Academic journal article Journal of Small Business Management

The Death of Key Executives in Small Firms Effects on Investor Wealth

Academic journal article Journal of Small Business Management

The Death of Key Executives in Small Firms Effects on Investor Wealth

Article excerpt



Cette etude analyse l'impact sur le marche des valeurs, de ]'announce du di?cbs d'un cadre cle dans une compagnie vendant des actions au comptant. L'enqubte couvre une periode de dix-sept ans, allant de 1966 a 1982. Le enqueteurs ont applique'la methode Temps/ Evement mise au point par Fama, Fisher, Jensen et Roll. Les resultats montrent une reaction tr. Ls negative du marche.

Recently, there have been calls' to redirect research on turnover to focus on the consequences of individuals leaving organizations and also to establish closer working relationships between management and financial researchers.

One way to respond to these calls is to examine the effects of management turnover through key executives' deaths on investor wealth using the financial analysis tool of event time methodology. This method is relatively new to the study of turnover in organizations, but is especially suitable because the death of a key executive is usually an unanticipated event. As Beatty and Zaiac have noted, it is usually the case that, "inferring the reason for a CEO change is fraught with uncertainty, given that public announcements are often highly ambiguous or even totally uninformative."

To date, only two such interdisciplinary turnover investigations have been published.' Both involved large firms whose stock traded on the New York or American Stock Exchanges. Both studies reported that top executive death had little influence on the market for the population studied as a whole. They found, however, significant subsample differences. Johnson et al. reported that sudden senior corporate executive deaths had little systematic impact on stock returns, but founder death was associated with positive returns. This contrasts with Worrell et al., who found both sudden deaths of CEOs and founder status to be associated with negative returns. In addition, they also reported that, unlike this negative reaction to the announced deaths of the hands-on CEOs, the market reacted positively to the announcement of the deaths of corporate chairpersons.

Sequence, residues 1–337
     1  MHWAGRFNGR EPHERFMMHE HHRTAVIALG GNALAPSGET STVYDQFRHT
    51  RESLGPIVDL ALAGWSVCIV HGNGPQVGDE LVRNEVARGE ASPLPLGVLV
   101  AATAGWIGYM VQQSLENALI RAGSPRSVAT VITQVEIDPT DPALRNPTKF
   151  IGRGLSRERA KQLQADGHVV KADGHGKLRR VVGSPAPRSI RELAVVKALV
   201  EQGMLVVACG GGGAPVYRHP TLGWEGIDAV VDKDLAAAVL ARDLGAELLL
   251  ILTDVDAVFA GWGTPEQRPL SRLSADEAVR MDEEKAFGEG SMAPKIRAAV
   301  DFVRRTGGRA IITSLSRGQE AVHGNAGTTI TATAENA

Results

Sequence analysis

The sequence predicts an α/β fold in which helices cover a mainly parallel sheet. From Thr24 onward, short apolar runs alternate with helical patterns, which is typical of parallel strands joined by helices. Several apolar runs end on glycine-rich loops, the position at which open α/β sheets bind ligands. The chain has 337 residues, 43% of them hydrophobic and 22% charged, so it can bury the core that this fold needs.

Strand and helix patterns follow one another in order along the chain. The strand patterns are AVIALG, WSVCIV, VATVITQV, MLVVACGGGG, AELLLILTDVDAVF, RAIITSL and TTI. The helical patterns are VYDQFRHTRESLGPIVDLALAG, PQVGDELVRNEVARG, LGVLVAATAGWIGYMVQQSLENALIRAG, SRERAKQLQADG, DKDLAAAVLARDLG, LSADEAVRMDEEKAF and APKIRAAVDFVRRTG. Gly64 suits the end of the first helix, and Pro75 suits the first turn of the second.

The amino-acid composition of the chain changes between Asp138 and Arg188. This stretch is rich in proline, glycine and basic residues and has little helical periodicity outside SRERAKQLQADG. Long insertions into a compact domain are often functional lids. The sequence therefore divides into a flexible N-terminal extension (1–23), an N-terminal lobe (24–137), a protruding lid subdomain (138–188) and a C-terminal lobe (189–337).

The present study examines issues similar to those in Johnson et al. (1985) and Worrell et al. (1986), but it concentrates on turnover in smaller companies. Specifically, we examined the reaction of the stock market to the deaths of key executives( CEOs and/or chairmen) in companies whose stock trades over-the-counter (O.T.C.).

Smaller firms tend to have less division of labor than large firms, resulting in more reliance on the skills of a single key manager. For example, Vancil notes that the "solo mode" of top management organization is more common in smaller companies. Responsibility for major decision making typically lies with the solo key executive. This concentration of authority may mean that the small firm has no "heir apparent" with wide general management experience. The death of a key individual in a small firm may thus cause greater disrupfion in the firm's operation than a similar occurrence in a large firm.

Relatively little research has been performed on the financial consequences of turnover following key executive death. That which has been done dealt with large organizations and yielded conflicting results. The present study, therefore, must be considered exploratory. However, given (1) Price's observation "that turnover generally has a basically negative impact on effectiveness"; (2) Staw's proposition that the higher the level of the position to be filled, the greater the potential for disruption; and (3) the notion that a change in leadership in small firms may have as great (or greater) an impact as in large firms, it is possible to hypothesize that the death of a CEO or corporate chairman will have a negative impact on the stock prices of firms whose stock trades O. …

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